Content Marketing: The Hard Path that Keeps on Giving

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djbaxter

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4 Lessons on Content Marketing – The Hard Path that Keeps on Giving!
by Srinivas Krishnaswamy, SearchEnginePeople.com
January 19, 2018

It's been over two years and since I started my bootstrapped venture. With very little money to spend and no major investment backing, I was looking at ways to spread the word about my product and couldn't afford to spend money on social media platforms.... With no experience in marketing products for consumers via the Internet, and absolutely no knack for churning out viral content (even my cat was way too lazy to do anything that might give me content for a viral video), my situation seemed hopeless.

Finally, I decided to do something that did not involve any spend but took up pretty much all my time. I started churning out content across several platforms and that's all I have been doing for over two years now... My site has seen traffic grow by over 40 times from Nov 2015 to Nov 2017!

Here are the key lessons I learned about using content marketing as the primary strategy to get your product off the ground.

1. Create The Best Content In Your Industry
Every industry has similar opportunities to differentiate. You just need to spend the time. Use this action list to create the best content on this side of the galaxy for your business.
  1. Identify keywords for your business that you want to target.
  2. Understand the intent of the keyword. Find out what type of keyword you are addressing - navigational (Facebook login), Informational (laptop review), or transactional (order pizza). You should be targeting informational or transactional keywords.
  3. Once the intent is clear, review the top 10 articles showing up for the keywords on search engines (aka Google).
  4. List down the broad subtopics covered in the top 10 articles.
  5. Use tools like Keywordtool.io or Ubersuggest.io (free) to find out if you can unearth related keywords with the same root phrase (psst...ignore ones that have zero search volume).
  6. Compare the subtopics from the top articles (point 4) with all the keyword phrases you have shortlisted (in point 5). Now you have the nailed down the content gap!
  7. Create a content outline that covers all the subtopics covered by your competition along with subtopics your competition has left untouched.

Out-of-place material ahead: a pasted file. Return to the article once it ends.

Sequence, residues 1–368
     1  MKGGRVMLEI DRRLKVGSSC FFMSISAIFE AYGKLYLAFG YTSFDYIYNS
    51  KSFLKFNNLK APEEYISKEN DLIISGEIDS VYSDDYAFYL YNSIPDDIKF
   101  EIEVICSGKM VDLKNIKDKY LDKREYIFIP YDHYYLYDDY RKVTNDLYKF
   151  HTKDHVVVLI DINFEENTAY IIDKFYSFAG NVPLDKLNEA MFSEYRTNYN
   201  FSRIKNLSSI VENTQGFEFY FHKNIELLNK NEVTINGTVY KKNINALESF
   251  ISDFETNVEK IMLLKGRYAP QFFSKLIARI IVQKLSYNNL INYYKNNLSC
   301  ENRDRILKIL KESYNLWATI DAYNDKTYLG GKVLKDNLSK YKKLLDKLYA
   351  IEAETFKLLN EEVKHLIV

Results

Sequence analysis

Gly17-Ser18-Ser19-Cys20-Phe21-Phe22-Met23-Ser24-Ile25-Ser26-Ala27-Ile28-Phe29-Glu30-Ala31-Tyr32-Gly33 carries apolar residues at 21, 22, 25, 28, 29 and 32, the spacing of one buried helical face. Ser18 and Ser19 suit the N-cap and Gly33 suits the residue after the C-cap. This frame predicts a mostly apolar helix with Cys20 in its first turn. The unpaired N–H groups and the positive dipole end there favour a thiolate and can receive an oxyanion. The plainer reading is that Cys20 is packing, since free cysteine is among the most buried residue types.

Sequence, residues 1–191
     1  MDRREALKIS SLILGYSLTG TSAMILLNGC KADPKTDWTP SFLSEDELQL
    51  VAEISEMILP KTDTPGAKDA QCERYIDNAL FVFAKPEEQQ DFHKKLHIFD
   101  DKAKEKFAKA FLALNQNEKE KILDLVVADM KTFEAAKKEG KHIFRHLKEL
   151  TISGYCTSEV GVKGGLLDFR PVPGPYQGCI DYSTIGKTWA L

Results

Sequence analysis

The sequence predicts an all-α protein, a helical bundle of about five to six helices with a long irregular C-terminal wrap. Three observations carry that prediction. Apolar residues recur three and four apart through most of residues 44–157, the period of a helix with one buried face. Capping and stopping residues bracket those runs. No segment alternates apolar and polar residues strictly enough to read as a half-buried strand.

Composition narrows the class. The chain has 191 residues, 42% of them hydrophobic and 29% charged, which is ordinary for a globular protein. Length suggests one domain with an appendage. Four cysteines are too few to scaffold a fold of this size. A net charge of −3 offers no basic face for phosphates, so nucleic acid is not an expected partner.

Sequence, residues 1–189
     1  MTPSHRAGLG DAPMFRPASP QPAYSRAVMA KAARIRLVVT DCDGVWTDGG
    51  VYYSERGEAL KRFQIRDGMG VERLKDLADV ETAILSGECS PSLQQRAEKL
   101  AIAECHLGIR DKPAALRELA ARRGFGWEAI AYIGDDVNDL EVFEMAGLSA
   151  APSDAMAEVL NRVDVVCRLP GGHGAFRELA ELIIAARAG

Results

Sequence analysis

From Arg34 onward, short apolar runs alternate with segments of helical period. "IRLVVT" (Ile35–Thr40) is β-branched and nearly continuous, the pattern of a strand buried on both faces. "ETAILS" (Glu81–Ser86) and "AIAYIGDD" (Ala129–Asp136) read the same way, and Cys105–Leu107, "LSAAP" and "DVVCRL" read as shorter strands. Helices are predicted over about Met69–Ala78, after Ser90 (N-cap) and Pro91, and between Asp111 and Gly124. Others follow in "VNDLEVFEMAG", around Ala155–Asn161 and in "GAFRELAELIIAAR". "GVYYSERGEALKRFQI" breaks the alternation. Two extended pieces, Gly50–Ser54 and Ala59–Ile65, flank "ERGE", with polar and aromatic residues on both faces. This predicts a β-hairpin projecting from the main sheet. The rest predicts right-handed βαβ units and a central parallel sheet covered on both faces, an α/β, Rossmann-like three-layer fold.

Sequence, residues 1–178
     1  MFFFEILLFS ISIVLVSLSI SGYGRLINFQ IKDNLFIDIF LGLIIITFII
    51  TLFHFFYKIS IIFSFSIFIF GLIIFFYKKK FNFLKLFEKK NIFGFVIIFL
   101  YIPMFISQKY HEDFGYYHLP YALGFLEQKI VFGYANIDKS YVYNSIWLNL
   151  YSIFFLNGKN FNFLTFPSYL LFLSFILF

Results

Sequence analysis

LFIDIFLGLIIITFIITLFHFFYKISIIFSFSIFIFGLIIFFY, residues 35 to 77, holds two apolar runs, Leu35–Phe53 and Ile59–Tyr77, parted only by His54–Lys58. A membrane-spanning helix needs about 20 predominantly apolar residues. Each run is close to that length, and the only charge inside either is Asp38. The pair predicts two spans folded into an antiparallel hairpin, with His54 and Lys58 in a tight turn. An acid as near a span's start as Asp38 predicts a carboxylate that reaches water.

2. Horses For Courses
Here is what I did to push out content on multiple platforms. I create the core content which is usually a 3500+ word blog post on a specific topic that might be directly related to my product. The purpose of the blog post is to educate and answer the user's questions and not to sell my product. I don't just stop with the blog post. Once the blog post is published, I create snippets from the blog post and push it out to Pinterest, Tumblr, SlideShare, Twitter, Medium, G+, Facebook, Quora to name a few.

3. Your Content Is Your Garden
My content has a shelf life....
  1. I treat my content as a garden that needs constant nurturing and maintenance.
  2. I watch out for content that will automatically expire, I watch out for what competitors are generating,
  3. I find out what other angles I should have covered in an article that is already popular.
  4. I improve the graphics, and I look for spelling and grammar mistakes all the time.
When I see an opportunity for improving an article that is already performing well, I just put in the effort to make it even better.

4. Don't Forget Conversions
All the crazy effort and time that goes into creating awesome content about your product or the solutions you are offering are worth nothing if they don't help you move the needle or get your business to the next level. So what is the ultimate goal for the content you generate? The objectives could vary, but here are some usual suspects.
  • You want exposure to your brand or service or educate your target audience
  • You want leads (usually the name and email address of someone interested in accessing your amazing content)
  • You want customers or active participants for whatever you want them to sign up for (could even be a cause you are fighting for).
Read more...
 

Hazel Gomez

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Thanks for creating a thread for this. I am too a freelance writer and it is not as easy as it seems. You have to do research, build social media contact and create a different content every time. Content writing needs more brain power than ever. I am still learning so your information is very helping.
 

azgold

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I've witnessed a big (and good!) change in content marketing over the years. Used to be that you could slap something up with links and ads and call it a day. Didn't always make money but sometimes it did.

Content creation is hard work but so rewarding when done well. Hopefully financially but I mean in a self-satisfying way, as a job well done. I love sitting back and thinking, Wow, I wrote that? It's good! Puts a smile on my face, especially when readers like it as much as I do.

I seldom write anymore but man, did I love it when I did. Thankfully, a great deal of what I wrote was evergreen. :)
 
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